config :kaffe,
producer: [
endpoints: [localhost: 9092],
topics: [“our_topic”, “another_topic”]

Note: endpoints references [hostname: port]. Kafka is configured to run on port 9092. In this example, the hostname is localhost because we’ve started the Kafka server straight from our machine. However, if the server is dockerized, the hostname will be called whatever is specified by that container (usually “kafka”)

4.a: add a new file, /lib/application.ex, with the following code:

defmodule ElixirKaffeCodealong.Application do
use Application
def start(_type, args) do
import Supervisor.Spec
children = [
worker(Kaffe.Consumer, [])
opts = [strategy: :one_for_one, name: ExampleConsumer.Supervisor]
Supervisor.start_link(children, opts)

4.b: back in mix.exs, add a new item to the application function:

def application do
extra_applications: [:logger, :kaffe],
mod: {ElixirKaffeCodealong.Application, []}

Note: now that we’re using the Application module, this is where we’ll tell it to start. We use the keyword `mod` with applications that start a supervision tree, which we configured when adding our Kaffe.Consumer to Application above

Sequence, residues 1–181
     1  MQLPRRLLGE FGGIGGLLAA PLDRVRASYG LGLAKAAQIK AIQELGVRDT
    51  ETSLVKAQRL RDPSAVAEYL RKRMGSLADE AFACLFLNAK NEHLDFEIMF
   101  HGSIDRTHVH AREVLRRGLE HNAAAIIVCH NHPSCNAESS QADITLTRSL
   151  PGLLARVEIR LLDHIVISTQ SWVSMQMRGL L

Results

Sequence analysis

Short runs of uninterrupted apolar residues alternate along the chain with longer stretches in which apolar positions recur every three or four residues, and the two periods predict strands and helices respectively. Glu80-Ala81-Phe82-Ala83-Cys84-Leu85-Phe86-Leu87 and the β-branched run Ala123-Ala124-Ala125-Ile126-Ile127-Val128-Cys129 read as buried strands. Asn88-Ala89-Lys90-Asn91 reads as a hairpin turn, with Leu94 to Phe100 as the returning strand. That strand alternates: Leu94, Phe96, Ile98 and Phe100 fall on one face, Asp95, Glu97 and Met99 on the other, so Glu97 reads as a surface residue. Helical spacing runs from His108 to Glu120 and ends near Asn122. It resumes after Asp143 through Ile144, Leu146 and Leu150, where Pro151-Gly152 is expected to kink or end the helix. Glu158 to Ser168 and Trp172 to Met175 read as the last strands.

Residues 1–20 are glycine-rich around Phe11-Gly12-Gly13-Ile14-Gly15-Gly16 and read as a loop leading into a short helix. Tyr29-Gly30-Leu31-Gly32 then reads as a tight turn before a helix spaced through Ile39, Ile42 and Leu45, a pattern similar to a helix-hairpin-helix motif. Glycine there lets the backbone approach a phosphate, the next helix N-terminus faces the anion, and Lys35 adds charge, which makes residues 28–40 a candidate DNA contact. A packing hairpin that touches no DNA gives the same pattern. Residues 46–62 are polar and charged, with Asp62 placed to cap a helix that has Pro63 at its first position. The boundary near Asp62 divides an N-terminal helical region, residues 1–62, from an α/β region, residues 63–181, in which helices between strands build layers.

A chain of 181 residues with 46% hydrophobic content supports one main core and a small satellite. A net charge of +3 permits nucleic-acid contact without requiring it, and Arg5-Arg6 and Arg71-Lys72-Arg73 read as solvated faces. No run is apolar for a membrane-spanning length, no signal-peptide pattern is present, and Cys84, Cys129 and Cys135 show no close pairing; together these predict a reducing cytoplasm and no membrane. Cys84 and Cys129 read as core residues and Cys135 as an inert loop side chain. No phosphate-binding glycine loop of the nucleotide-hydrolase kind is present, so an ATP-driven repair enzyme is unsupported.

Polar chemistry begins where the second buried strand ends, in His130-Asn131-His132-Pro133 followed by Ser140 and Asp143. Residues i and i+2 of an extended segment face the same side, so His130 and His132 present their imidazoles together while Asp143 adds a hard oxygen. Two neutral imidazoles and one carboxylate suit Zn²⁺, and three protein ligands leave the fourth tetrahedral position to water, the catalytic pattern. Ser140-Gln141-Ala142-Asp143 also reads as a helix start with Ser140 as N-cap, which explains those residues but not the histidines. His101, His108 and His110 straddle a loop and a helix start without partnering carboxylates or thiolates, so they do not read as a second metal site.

4.c: add a consumer module to accept messages from Kafka as /lib/example_consumer.ex with the following code:

defmodule ExampleConsumer do
def handle_message(%{key: key, value: value} = message) do
IO.inspect message
IO.puts “#{key}: #{value}”

Note: function to accept Kafka messaged MUST be named “handle_message”.
It MUST accept arguments structured as shown here
It MUST return :ok
It can do anything else within the function with the incoming message

4.d: configure the consumer module in /config/config.exs